We stopped calcium channel blockers, continued the angiotensin-conversion enzyme inhibitor/diuretic and added doxazosin 1 mg daily and paroxetin 10 mg to patient's treatment. The patient was seen two weeks later for follow-up with his notebook where he recorded daily self-measured blood pressure at home with a semi-automatic sphygmomanometer. All blood pressure measures were under 140/90 mm of Hg like the one measured during consultation. A new fundoscopic eye examination showed regression of retinopathy to stage 1 and his renal function normalized. He had the same overcrowded working hours but felt better without any symptom. Two months later, we reduced atenolol to 50 mg/day to prevent hypotension episodes and he had a stable blood pressure within normal ranges even after exercise.

Discussion

In the presence of malignant hypertension in this young patient, we looked for secondary causes of hypertension. We first ruled out renal diseases (glomerular and vascular) that are common aetiologies of secondary hypertension whether in black and non-black patients.[3,4] Renal impairment in our patient was related to malignant hypertension that is frequently associated with renal vascular damage due to markedly activated renin angiotensin system.[5] This was confirmed by the absence of glomerular injury signs (albuminuria, hematuria, hypoalbuminemia) on urinalysis and normal morphology of kidneys and vessels with CT-scan examination.

Other causes of secondary hypertension such as primary hyperaldosteronism, hyperthyroidism, hypercorticism, and endocrine neoplasms were excluded by hormonal explorations. Pheochromocytoma is as a very rare etiology of hypertension[6] but represents the second cause of curable hypertension in our context.[4] In spite of suggestive clinical symptoms in this patient, cathecholamine-secreting pheochromocytoma was excluded by normal results of plasma and urine tests. Other causes of liable elevation in plasma or urine cathecholamines such as obstructive sleep apnea,[7] pre-eclampsia,[8] anti-Parkinsonian drugs[9] or cocaine use had also been discussed.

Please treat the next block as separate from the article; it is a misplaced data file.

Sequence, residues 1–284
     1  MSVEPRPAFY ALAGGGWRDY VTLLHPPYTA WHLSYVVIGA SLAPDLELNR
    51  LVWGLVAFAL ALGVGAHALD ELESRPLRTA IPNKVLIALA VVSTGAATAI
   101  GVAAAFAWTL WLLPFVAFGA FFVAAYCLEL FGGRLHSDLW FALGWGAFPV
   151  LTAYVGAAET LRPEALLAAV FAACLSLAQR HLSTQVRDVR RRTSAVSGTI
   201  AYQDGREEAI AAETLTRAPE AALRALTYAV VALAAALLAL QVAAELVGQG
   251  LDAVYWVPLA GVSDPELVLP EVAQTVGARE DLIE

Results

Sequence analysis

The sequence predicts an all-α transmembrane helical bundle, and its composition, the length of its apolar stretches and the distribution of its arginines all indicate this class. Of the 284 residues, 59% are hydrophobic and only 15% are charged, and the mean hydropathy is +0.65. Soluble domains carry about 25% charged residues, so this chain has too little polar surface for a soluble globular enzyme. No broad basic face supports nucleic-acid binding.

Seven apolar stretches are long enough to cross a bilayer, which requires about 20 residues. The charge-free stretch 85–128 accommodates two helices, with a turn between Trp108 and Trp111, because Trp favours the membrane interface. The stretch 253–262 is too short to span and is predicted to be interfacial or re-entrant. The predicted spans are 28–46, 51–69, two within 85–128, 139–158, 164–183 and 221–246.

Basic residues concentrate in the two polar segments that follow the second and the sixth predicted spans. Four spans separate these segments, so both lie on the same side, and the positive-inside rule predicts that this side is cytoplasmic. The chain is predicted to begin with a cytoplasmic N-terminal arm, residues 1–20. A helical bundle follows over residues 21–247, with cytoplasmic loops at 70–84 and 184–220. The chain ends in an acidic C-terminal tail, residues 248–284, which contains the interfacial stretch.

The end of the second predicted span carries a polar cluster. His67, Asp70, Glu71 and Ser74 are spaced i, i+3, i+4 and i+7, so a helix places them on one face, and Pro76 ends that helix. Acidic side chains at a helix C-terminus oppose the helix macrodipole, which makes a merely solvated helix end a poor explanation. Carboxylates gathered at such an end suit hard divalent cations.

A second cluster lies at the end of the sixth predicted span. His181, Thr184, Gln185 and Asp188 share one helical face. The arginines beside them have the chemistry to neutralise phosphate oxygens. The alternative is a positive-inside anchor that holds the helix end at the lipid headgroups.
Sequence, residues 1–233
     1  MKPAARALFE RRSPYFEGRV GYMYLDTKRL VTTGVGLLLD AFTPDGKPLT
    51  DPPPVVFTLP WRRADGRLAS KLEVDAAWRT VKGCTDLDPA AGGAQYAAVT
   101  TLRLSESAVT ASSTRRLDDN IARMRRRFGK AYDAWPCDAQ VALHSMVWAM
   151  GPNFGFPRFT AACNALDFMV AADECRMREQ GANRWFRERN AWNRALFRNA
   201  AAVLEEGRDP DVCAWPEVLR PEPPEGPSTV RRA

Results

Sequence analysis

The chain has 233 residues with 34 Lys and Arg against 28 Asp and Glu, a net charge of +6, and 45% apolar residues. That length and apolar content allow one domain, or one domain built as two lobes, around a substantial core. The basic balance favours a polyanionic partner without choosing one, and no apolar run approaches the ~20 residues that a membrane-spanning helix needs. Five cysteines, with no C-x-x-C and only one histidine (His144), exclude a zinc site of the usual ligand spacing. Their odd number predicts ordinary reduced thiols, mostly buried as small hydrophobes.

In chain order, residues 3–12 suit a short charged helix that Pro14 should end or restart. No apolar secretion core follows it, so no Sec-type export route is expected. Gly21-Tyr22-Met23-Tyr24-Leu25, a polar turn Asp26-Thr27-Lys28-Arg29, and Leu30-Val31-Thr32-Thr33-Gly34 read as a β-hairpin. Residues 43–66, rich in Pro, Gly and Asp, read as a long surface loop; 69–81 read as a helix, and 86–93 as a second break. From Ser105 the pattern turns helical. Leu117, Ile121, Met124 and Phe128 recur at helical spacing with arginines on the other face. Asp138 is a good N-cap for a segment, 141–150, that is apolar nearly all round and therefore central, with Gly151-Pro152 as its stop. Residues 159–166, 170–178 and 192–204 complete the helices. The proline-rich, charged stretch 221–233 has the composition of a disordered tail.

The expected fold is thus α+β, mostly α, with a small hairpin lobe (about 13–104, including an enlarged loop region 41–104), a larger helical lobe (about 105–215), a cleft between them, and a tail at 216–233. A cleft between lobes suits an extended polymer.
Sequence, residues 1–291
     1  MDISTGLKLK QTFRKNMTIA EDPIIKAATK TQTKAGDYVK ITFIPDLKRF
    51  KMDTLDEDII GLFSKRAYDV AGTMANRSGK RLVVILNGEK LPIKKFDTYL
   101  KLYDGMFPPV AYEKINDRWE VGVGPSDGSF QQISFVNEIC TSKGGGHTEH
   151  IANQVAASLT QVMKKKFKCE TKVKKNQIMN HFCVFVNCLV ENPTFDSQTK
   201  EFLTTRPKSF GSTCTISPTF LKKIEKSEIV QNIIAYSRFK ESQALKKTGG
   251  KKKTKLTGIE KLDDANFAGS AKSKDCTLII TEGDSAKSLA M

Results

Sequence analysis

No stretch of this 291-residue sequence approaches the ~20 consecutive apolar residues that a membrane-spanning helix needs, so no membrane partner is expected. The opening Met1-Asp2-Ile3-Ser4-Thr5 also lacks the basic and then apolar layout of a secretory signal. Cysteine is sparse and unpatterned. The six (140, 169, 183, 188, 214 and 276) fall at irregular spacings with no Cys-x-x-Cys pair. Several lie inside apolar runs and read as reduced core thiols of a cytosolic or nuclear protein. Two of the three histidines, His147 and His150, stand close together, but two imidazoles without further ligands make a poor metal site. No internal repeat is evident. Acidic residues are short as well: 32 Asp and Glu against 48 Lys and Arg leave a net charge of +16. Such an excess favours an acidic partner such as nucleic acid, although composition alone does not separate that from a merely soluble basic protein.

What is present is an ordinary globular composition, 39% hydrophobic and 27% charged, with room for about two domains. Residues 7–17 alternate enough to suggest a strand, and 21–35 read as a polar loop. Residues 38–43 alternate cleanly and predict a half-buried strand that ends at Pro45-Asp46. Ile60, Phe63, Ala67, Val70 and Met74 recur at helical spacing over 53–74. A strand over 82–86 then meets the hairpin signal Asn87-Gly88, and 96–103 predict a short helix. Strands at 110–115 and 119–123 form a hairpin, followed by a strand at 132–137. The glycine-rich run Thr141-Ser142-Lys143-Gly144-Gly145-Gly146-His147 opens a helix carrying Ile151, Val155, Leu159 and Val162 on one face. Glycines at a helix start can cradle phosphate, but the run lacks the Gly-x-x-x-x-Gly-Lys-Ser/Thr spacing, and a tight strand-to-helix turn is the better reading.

Panic attack, alcohol withdrawal and carcinoid syndromes are other situations that can explain paroxysmal hypertension in the absence of overt catecholamine excess.[10] None of these conditions were found in our patient who was previously healthy without any medication and denied any alcohol or illicit drug abuse. Finally, presence of paroxysmal hypertension without biochemical evidence of catecholamine excess in our patient met criteria for a diagnosis of pseudopheochromocytoma.

Pseudopheochromocytoma was first described as an apparently essential paroxysmal hypertension without biochemical evidence of catecholamine excess.[1] Many cases of such hypertension have been reported since 1981, but this is the first one in a black African.[2] This ethnic group is known to have higher prevalence and worse outcomes of malignant hypertension than Caucasians.[11] Early descriptions emphasized the emotional underlying background that often triggers hypertension peaks.[12,13] Anxiety and psychological instability may play a key role in onset of severe hypertension in patients at risk.[12,14] Even if our patient denied any uncommon anxiety or distress, one can suspect a link between hypertension and his emotional state. His first episode of paroxysmal hypertension eight months before diagnosis occurred after a crucial business travel and the last one was concomitant with more stress at job because of unpredictable international financial situation.

Retrospectively, response to therapy confirmed diagnosis. We rapidly observed a good response to combination of alpha-1 and beta-blockers with psychological support and antidepressant drug therapy. This multidisciplinary approach is recommended for the management of pseudo-pheochromocytoma.[14]

Conclusion

Pseudopheochromocytoma is a rare cause of high blood pressure. It should be discussed in any case of paroxysmal hypertension without evidence of catecholamine excess, but after ruling out other classical differential diagnosis. A particular underlying psychological context can help but overt anxiety is sometimes absent. Treatment relies on alpha-1- and beta-blockers combined with psychopharmacological interventions.

Footnotes

Source of Support: Nil

Conflict of Interest: None declared.

References